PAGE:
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Johnson & Johnson Lifts FY17 Forecast As Q3 Results Top Estimates

Drug major Johnson & Johnson (JNJ) on Tuesday lifted its forecast for fiscal 2017 adjusted earnings per share and sales. In its third quarter, net profit declined, despite higher sales. However, both adjusted profit and topline beat analysts' estimates.

In pre-market activity, JNJ shares were gaining 2.2 percent to $139.

The company now expects fiscal 2017 adjusted earnings of $7.25 - $7.30 per share and sales of $76.1 billion to $76.5 billion. Previously, the company expected annual adjusted earnings of $7.12 - $7.22 per share, and sales of $75.8 billion to $76.1 billion.

On average, analysts polled by Thomson Reuters expect earnings of $7.18 per share on sales of $75.83 billion for the year. Analysts' estimates typically exclude special items.

In its third quarter, net earnings were $3.8 billion, down 12 percent from last year's $4.27 billion. Earnings per share were $1.37, down 10.5 percent from $1.53 last year.

Excluding after-tax intangible amortization expense and special items, adjusted net earnings for the current quarter were $5.2 billion or $1.90 per share, compared to $4.68 billion or $1.68 per share.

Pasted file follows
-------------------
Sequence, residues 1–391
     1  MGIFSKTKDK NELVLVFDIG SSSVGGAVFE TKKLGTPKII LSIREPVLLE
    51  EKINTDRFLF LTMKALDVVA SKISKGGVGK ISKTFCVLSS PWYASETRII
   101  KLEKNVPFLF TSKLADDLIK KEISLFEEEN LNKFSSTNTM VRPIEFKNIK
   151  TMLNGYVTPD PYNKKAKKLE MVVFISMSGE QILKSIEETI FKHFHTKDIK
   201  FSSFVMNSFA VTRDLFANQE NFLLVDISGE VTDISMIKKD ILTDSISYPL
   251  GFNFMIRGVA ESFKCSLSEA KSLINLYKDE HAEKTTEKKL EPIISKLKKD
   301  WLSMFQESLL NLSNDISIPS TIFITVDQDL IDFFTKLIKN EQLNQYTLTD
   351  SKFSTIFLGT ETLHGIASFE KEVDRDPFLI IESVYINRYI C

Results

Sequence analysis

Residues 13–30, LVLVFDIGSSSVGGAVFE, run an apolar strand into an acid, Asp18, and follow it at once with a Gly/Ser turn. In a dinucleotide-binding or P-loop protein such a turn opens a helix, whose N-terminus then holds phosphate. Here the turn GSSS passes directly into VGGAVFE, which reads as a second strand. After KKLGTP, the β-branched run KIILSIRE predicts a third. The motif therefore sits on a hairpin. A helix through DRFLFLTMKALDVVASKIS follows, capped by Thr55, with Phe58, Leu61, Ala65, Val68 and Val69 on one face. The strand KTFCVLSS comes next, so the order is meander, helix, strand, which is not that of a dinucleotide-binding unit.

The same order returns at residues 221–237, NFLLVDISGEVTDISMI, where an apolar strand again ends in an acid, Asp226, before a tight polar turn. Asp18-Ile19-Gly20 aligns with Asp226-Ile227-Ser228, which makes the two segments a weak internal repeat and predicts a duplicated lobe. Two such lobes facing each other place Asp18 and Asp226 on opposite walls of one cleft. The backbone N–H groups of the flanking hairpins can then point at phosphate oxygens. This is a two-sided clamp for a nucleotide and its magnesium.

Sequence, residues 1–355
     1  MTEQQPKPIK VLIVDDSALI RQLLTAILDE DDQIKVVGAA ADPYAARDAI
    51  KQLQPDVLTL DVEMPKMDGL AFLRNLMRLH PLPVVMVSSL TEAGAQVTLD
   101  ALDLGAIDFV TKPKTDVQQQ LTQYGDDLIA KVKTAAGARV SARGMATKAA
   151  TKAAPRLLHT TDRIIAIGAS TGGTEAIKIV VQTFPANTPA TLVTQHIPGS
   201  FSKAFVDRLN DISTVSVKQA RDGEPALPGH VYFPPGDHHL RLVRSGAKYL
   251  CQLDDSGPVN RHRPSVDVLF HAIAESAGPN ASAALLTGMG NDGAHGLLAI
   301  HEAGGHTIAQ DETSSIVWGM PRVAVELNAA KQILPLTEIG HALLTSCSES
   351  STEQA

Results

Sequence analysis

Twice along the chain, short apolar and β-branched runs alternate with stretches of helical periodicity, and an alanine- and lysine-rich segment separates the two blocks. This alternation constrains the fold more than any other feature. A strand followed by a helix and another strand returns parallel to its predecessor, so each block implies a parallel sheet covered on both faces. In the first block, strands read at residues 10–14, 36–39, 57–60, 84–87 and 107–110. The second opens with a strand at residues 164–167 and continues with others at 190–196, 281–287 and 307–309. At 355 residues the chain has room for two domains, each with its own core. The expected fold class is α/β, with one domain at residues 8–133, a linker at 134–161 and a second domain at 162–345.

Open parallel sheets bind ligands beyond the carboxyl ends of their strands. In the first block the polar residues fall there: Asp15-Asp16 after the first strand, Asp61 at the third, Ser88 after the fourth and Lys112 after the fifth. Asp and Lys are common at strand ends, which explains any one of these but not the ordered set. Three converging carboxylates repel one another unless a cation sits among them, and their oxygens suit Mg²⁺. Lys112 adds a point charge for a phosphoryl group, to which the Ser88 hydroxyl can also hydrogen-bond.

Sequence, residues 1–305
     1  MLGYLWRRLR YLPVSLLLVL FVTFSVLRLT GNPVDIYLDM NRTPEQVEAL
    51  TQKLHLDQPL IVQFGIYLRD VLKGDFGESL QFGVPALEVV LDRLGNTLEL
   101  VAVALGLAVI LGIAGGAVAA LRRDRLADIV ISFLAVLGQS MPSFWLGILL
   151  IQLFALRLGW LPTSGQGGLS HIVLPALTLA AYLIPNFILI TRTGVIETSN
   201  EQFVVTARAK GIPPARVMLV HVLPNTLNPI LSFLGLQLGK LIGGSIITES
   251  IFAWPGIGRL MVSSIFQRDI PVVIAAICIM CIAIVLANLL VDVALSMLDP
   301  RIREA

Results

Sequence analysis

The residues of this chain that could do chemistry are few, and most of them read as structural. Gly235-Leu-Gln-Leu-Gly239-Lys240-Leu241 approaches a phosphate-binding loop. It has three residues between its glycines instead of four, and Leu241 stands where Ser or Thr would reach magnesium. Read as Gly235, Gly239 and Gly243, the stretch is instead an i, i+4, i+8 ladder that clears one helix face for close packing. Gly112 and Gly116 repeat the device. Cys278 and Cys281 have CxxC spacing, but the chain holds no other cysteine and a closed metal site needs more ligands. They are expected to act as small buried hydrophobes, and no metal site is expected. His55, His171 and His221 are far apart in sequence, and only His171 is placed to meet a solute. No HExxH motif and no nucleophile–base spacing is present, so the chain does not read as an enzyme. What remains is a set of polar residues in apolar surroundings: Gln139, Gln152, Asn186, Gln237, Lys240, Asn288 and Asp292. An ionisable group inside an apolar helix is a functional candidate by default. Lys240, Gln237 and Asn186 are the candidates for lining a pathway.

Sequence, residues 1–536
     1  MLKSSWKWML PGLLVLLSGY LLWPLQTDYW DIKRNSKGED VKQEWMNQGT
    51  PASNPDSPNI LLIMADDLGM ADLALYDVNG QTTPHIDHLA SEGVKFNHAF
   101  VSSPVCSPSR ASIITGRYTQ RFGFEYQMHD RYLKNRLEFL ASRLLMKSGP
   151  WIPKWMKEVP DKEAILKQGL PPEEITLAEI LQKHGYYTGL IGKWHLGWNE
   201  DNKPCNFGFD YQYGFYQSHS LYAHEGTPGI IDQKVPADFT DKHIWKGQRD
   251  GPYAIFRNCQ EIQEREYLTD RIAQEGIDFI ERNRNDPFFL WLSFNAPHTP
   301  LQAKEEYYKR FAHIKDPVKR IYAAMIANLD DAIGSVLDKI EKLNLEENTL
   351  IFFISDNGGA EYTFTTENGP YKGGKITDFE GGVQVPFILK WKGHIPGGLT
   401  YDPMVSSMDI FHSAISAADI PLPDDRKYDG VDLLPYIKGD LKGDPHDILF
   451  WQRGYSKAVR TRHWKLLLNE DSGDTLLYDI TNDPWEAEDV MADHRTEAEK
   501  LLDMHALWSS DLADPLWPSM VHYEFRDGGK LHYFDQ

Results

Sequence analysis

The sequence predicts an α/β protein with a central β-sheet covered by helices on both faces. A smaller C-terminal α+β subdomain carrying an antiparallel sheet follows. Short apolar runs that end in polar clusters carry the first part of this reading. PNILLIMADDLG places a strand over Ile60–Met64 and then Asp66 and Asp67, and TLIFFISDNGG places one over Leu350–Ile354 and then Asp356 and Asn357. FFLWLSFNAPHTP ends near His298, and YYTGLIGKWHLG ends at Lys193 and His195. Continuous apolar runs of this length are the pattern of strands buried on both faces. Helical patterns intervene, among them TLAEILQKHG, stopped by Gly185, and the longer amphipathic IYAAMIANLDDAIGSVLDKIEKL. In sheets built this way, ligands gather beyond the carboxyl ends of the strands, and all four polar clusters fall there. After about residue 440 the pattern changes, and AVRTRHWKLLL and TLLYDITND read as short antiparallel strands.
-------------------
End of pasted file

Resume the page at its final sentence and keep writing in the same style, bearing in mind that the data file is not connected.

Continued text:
Johnson & Johnson's sales were $19.7 billion, an increase of 10.3 percent from $17.82 billion a year ago. Analysts expected earnings of $1.8 per share on sales of $19.28 billion for the quarter.

Operational sales results increased 9.5 percent and the positive impact of currency was 0.8 percent. Domestic sales increased 9.7 percent. International sales increased 10.9 percent, reflecting operational growth of 9.3 percent and a positive currency impact of 1.6 percent.

Excluding the net impact of acquisitions and divestitures, on an operational basis, worldwide, domestic and international sales each increased 3.8 percent.

Worldwide Consumer sales of $3.4 billion represented an increase of 2.9 percent versus the prior year.

Alex Gorsky, Chairman and Chief Executive Officer, said, "Johnson & Johnson accelerated growth in the third quarter. This is driven by the strong performance of our Pharmaceutical business, and augmented by Actelion and other recent acquisitions across the enterprise that will continue to fuel growth."

Further, the company said it has made a decision not to pursue global approvals of sirukumab for the treatment of moderately to severely active rheumatoid arthritis. In addition, the clinical trial for talacotuzumab, an investigational compound being studied in patients with acute myeloid leukemia, has been discontinued.

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